Owls had lived in the Smithsonian Castle before—and had flown the coop—but in 1971, S. Dillon Ripley, the eighth Smithsonian Secretary, commissioned a pair of trained owls from the National Zoo. He argued that the owls would be beneficial "for reasons of biological harmony as well as tradition."
The pair were named "Increase" and "Diffusion" in a nod to the language in James Smithson’s bequest to the U.S. to found the Institution, which was to be "an establishment for the increase and diffusion of knowledge."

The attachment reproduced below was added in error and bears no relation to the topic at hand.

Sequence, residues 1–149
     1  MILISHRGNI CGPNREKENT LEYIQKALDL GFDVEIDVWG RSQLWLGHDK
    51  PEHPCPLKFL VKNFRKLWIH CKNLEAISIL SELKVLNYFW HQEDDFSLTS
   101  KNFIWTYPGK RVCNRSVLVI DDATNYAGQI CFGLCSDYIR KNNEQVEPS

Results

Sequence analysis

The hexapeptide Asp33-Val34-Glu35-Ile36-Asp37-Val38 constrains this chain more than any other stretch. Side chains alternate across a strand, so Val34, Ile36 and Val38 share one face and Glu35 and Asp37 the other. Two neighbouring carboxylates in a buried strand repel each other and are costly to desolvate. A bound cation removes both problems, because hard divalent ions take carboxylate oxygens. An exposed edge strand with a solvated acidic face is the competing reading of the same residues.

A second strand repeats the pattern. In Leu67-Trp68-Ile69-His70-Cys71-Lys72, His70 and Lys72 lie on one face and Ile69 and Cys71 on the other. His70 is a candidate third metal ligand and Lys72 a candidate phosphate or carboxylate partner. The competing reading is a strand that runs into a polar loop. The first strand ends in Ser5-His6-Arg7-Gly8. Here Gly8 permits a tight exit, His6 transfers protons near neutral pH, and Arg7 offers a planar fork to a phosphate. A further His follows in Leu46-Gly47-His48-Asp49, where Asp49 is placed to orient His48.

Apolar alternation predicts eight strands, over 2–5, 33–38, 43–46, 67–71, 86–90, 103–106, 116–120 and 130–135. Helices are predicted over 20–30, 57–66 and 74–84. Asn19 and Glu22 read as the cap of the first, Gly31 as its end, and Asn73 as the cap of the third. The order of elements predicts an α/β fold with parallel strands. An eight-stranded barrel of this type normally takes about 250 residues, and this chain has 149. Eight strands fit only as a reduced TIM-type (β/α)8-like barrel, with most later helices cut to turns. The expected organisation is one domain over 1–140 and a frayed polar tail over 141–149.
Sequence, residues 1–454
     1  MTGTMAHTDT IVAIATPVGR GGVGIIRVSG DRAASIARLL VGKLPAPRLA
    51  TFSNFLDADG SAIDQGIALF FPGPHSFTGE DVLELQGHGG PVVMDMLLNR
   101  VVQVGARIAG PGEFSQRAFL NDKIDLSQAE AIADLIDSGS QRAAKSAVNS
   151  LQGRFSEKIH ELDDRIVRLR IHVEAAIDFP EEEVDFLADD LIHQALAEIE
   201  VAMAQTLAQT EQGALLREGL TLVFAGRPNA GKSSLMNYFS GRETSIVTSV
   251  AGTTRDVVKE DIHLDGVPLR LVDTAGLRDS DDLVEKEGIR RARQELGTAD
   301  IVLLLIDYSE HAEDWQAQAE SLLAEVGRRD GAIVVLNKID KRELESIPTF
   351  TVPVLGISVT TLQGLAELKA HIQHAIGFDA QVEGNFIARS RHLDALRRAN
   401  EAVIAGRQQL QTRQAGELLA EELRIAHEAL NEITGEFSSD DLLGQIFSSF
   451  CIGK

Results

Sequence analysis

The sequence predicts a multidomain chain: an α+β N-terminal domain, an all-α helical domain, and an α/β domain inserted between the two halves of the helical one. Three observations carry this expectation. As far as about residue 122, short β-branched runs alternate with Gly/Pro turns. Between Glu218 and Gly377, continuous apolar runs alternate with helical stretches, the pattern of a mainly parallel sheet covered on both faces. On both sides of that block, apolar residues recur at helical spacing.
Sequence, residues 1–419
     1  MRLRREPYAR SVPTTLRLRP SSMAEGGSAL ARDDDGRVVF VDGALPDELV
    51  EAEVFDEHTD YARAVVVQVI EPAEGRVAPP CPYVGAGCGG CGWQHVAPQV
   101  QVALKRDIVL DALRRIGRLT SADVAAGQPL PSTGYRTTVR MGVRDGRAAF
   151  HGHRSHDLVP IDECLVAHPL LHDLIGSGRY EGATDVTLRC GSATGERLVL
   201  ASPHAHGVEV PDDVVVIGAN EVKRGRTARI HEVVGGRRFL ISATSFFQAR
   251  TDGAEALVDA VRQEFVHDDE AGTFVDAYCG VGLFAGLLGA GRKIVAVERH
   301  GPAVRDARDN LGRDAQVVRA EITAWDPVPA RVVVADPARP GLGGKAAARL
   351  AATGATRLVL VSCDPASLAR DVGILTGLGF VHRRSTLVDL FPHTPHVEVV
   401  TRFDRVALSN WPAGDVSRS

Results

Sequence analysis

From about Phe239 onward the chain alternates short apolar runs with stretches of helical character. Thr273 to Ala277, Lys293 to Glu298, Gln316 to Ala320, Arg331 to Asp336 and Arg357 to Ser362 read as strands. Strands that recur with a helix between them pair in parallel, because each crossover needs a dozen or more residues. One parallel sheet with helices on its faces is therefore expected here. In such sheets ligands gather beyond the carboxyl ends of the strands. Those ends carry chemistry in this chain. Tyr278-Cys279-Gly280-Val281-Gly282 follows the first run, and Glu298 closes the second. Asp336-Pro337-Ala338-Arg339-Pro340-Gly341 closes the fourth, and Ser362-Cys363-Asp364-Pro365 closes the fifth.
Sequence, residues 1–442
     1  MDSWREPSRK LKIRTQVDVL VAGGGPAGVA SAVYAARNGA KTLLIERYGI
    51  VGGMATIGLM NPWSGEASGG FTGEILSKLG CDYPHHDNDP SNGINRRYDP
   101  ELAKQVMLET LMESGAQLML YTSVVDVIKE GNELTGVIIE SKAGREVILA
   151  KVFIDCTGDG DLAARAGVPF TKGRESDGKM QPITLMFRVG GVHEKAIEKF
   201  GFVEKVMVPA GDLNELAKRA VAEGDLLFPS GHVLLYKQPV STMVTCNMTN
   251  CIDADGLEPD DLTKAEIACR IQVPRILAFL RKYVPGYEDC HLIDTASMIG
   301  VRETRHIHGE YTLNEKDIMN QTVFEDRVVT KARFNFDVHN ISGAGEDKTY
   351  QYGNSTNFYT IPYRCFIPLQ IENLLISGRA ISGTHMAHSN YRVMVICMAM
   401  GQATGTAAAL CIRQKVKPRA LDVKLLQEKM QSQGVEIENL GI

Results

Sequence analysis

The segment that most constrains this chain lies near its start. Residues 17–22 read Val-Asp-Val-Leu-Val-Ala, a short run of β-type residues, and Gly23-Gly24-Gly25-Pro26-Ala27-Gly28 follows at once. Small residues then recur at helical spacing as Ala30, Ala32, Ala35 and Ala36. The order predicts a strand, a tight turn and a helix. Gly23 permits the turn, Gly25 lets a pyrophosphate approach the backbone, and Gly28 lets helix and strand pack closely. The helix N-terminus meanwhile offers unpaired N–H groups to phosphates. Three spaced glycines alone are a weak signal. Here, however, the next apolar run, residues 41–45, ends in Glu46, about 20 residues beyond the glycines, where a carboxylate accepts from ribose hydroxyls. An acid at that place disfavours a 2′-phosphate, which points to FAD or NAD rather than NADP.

Increase and Diffusion were placed in the tower in January 1977, and they hatched three young owlets that spring. However, when given the chance to fly to freedom, they took to the air never to return to the Castle tower. Ripley may have been saddened by the lack of traditional residents, but those who had to tend to the owls probably were not. Writing in 1993, one caretaker remembers climbing the ladder to place a bag full of dead rodents in the coop while dressed in a protective suit and helmet to guard against (as Ripley put it) "more than a gentle tap" on the head.
Although the towers are now uninhabited, the Smithsonian continues its mission to increase and diffuse knowledge.